Building Inclusive Communities Part 1

The speaker on the second day was Kirk Hinleman and he has authored a book called Intentional Teaming. His goal is to move from system-centered thinking to a citizen-centered presence. That it was all well and good that we removed these people from an institution, but now we must move them out of their houses and into the community.

In 1983 Wolf Wolfensberg came up with the Social Role Valorization theory. This theory states that society tends to determine people to be of less value based on a label of disability, perceived ability, and lack of contribution to society.

Although we have come a long way from institutions we still do this today. We see those with disabilities as “other” and assume that they aren’t contributing members of our society. We keep them on the outskirts of society. I know from my personal experience that this still happens in the autism community. Places have “sensory hours” for children with autism, where the lights are dimmed, the music is lowered, the general public isn’t allowed in… but why should our children be confined to interact within our society only on certain days, and during certain times. Why can’t the conditions for them, low light, low sound, just be the norm? How do we move them into the center of society and not leave them on the outskirts?

So what is the Safe-Center of society and how can we move our children into it?

Kirk explained that there are 5 valued experiences to gain membership into the Safe-Center:  

  1. Belonging
  2. Being Respected
  3. Sharing Ordinary Places
  4. Contributing
  5. Choosing

In order to enter the Safe-Center we must have:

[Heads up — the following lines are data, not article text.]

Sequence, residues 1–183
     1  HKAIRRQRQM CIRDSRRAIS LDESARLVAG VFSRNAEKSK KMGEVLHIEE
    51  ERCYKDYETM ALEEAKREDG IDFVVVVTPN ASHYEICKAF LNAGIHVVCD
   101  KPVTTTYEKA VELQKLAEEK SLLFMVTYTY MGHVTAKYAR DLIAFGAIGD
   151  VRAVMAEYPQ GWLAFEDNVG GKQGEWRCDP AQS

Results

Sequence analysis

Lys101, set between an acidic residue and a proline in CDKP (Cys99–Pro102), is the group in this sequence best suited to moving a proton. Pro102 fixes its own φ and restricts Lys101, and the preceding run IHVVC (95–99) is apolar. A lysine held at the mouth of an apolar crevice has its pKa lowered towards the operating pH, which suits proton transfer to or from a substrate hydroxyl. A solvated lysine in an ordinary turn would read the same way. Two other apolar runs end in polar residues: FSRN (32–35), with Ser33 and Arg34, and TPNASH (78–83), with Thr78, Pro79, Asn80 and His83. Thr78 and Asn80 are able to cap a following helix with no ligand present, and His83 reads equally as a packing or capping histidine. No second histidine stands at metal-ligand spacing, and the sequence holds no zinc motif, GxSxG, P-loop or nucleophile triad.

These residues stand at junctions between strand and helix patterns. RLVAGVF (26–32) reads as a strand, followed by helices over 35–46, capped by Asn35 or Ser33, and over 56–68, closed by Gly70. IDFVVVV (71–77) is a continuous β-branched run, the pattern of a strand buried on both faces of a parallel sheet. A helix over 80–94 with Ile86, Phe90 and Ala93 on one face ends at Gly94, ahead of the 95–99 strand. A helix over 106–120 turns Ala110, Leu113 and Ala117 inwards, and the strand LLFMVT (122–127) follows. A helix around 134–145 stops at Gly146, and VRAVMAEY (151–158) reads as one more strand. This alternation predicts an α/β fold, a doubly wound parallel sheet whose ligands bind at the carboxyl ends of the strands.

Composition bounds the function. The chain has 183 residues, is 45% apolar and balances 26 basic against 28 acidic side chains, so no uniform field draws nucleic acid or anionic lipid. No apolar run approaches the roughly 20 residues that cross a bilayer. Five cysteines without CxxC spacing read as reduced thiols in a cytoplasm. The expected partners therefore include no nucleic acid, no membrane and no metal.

1. Community Participation
  2. A Valued Social Role
  3. Community Presence
  4. Competency
  5. Autonomy

He challenged us to look at how people with disabilities are treated by those who provide them services. Are they building meaningful relationships with them? Are they just covering the time? How are they supporting them? What kind of support do our children have?

Let’s look at different circles of support:

  1. Intimacy: people you couldn’t live life without
  2. Friendship- didn’t make the cut for circle one
  3. Participation- People you see in particular places- the gateway to circle 2
  4. Economic exchange- goods and services

When we look at who we surround our children with we tend to surround them with people in circle 4. Therapists, doctors, more therapists. All that time is time well spent but it is also time we take away from them engaging with peers. If participation in things: scouting, club sports, music classes are the gateway to meaningful relationships isn’t that where we should focus to put our children. That we as parents should think about how we move them closer to their peers. So that those peers can become friends- so that our children build deep meaningful relationships with people who are not being paid to be a part of their lives.

It has certainly changed my way of thinking and will alter how my children’s therapies will be done in the future and will change the types of activities I involve them in.

If you are a parent of a special needs child I hope that this has also got you thinking about who surrounds your children, and how we can build more meaningful relations for them within the community around them.

“Loneliness is the central reason why so many are unhappy and distraught.

Our work is to help people find meaningful and enduring relationships.

Nothing is more important.” David Pitonyak

Just some food for though. Parents of special needs children also need to re-enter the Safe-Center of community. So very often we feel as though we no longer belong, we are no longer respected (we have the bad, unruly kids), we no longer share ordinary places (we literally stop going out in public), we stop contributing (we quit our jobs, put our hopes and dreams on hold for our children), and we feel like we no longer have a choice in what our future looks like. 
If you know a special needs mom please re-read that. The same things that stop our children from entering the safe-center also stops us from doing the same, we need to change the way we do things for them, but also for ourselves, and our own mental health. 
If you know someone raising a special needs child take a minute and think about how you can help that person get to the Safe-Center of community. If you see a mom out an about and she is having a hard time with her child, ask her if she is okay, ask her if she needs help. You have no idea how much this means to us and makes us feel like we are welcome in those shared spaces. 

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